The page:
Daniel Ladinsky has published three volumes of poems inspired by the great Persian Sufi Hafiz: The Gift, The Subject Tonight Is Love, and I Heard God Laughing. He is an audacious talent with a big heart, a keen sense of humor, and a creative way of looking at things.

In an introduction to this collection of twelve sacred voices from the East and the West, Ladinsky writes: "I think God loves bootleggers—defiant poets who ferment the air as they sing and lift the corners of our mouths. Words about God should never bore because God is the opposite of boring. And what we say about the Gorgeous One should make Him appear a knockout. Whoever made this Universe is a Wild Guy. I think only our ecstasies offer any real clues about Him." The great mystics from all the religious traditions refuse to limit or confine the Holy One. They call us to rest in the riddle of not knowing while at the same time looking off to the side to see the passing grace of the Beloved.

In this book, Ladinsky the poetry and writing of 12 souls who offer us "an intimate journal of discovering God within." Note: these are not "translations" in the traditional understanding of that term; rather they appear to be Ladinsky's creative interpretations of the intentions conveyed by these mystics.

For Sufis, love is the key to playing out our lives in the right chord. Ladinsky begins this collection with Rabia, one of the most well-known woman saints. One of our favorites is a brief ditty:


Since no one really knows anything about God,
those who think they do are just

Think about all the pain and stress caused by dogmatists who insist upon following the rigors of their version of the truth. Rabia follows the path of devotion and delight, preferring to see God as a lover trying "to coax the world to dance." ("A Lover Who Wants His Lovers Near").

Ladinsky squeezes poetry out of the earthy and jubilant vision of Francis of Assisi. For this saint, "God's admiration for us is infinitely greater / than anything we can conjure up for Him." ("God's Admiration"). Francis loved animals and in one of these poems he talks with a squirrel about the abundance of God's grace ("The Sacraments").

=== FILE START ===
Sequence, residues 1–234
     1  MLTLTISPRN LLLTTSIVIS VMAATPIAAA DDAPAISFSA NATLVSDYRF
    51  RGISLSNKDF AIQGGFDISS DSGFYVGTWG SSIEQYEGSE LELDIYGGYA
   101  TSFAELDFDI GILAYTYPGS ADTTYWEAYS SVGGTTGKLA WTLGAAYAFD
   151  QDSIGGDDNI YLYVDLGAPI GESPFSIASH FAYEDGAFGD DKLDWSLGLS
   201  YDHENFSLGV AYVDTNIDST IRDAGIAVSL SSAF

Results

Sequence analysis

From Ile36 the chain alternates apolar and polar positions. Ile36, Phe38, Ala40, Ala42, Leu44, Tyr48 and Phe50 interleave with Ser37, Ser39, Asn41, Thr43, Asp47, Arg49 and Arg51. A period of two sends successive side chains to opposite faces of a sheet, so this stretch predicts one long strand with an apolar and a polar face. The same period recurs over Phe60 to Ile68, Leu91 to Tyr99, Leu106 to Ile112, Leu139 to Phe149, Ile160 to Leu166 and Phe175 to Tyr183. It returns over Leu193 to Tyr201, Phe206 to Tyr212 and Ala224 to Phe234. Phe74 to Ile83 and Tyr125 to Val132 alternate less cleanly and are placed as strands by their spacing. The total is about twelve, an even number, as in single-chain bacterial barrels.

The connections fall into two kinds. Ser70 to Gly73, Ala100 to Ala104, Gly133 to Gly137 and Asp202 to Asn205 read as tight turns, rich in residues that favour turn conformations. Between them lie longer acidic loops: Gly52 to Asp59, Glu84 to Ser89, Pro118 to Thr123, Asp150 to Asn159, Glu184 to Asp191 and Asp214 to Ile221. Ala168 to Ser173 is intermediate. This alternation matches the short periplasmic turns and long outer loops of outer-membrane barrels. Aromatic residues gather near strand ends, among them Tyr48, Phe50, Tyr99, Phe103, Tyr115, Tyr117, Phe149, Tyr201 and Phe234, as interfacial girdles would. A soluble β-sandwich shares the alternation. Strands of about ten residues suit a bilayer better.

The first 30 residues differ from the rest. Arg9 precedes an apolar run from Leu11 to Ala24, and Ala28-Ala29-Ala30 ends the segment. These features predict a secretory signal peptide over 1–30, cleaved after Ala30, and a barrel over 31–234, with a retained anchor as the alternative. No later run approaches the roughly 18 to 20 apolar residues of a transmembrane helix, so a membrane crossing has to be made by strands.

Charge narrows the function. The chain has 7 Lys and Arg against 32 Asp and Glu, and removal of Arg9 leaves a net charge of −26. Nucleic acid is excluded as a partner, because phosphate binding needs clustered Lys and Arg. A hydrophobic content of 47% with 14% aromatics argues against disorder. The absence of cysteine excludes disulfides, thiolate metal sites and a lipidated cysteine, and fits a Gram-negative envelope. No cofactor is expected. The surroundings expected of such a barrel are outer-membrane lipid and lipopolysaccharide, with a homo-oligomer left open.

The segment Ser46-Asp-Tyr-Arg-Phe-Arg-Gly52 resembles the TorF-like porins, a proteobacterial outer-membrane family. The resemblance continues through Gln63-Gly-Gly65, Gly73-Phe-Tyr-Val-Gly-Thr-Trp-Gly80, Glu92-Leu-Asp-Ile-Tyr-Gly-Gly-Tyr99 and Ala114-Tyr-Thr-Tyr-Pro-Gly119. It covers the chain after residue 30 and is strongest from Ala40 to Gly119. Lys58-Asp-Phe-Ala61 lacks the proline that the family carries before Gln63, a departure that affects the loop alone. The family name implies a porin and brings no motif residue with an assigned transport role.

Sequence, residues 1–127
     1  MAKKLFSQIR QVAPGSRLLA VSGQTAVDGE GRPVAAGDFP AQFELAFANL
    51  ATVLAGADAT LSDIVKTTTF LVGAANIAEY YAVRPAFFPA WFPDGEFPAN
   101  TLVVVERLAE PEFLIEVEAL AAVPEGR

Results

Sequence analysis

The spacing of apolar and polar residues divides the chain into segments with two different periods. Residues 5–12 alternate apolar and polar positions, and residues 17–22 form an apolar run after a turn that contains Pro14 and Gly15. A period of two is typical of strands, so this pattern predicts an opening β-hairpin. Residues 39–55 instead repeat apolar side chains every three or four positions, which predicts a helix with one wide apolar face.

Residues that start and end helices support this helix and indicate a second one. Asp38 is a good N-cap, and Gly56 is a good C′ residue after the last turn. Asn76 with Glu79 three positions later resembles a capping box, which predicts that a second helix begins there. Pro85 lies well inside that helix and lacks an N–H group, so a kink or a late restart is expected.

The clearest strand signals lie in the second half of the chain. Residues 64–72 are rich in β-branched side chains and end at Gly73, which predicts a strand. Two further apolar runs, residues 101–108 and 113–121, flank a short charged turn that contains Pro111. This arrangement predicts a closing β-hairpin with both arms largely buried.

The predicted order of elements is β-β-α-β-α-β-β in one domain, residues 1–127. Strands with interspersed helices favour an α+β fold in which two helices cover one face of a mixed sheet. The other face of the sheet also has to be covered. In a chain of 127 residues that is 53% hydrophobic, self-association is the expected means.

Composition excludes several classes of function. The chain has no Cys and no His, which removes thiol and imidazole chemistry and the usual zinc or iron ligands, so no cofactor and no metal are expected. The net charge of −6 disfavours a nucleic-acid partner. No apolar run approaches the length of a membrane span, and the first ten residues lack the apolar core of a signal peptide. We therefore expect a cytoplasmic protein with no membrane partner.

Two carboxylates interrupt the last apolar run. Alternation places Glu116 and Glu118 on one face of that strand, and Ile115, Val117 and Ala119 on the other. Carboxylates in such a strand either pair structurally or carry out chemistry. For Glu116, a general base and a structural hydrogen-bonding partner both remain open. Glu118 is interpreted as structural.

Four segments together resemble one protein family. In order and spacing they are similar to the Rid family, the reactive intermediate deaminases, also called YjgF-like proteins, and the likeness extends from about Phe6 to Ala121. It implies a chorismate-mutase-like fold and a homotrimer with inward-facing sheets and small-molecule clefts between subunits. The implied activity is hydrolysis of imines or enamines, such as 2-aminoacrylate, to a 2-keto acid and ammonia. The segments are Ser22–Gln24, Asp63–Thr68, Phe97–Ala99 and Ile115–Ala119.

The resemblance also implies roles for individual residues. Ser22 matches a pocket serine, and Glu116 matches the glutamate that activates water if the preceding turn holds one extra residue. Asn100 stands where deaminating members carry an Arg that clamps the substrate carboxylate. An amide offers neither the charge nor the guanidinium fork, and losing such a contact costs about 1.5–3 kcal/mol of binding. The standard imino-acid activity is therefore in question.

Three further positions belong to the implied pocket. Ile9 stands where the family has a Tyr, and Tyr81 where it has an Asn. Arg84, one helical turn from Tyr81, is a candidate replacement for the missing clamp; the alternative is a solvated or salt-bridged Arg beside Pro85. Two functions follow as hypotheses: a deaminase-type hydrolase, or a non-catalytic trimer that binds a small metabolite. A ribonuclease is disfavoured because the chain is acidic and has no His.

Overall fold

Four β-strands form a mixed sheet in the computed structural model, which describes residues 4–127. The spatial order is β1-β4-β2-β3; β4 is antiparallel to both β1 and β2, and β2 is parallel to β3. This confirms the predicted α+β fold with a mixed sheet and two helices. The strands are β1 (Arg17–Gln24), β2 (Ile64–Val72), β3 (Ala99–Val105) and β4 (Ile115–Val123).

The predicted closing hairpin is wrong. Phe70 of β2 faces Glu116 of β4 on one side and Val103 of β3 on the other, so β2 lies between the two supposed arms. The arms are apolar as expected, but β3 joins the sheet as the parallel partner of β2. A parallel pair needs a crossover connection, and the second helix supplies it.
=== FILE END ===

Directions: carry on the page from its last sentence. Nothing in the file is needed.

Next up is Rumi where the best poem is on the same theme:


Nibble at me.
Don't gulp me down.
How often is it you have a guest in your house
who can fix everything?

When we think of the Catholic theologian Thomas Aquinas, we recall ponderous tomes. Ladinsky appreciates him as a pioneer of interspirituality:


Every creature has a religion. Every
foot is a shrine where
a secret candle burns.

Every cell in us worships

Every arrow in the bow of desire
has rushed out in hope
of nearing

In his versions of Hafiz, Ladinsky wants us to see ourselves afresh and give up self-denigration:


the true nature of your

loving eyes
your every thought, word, and movement
is always, always


This treasure trove of sacred poetry also includes selections inspired by Meister Eckhart, Catherine of Siena, Kabir, Mira, St. John of the Cross, Tukaram, and St. Teresa of Avila. Ladinsky calls the latter the most influential female saint in the Western world. He describes one of her spiritual practices:


I have a lovely habit:
at night in my prayers I touch everyone
I have seen that

The breadth and depth of the poems in this extraordinary collection by Daniel Ladinsky will inspire you to expand your repertoire of spiritual practices and to make playfulness a priority in your relationship with the Divine.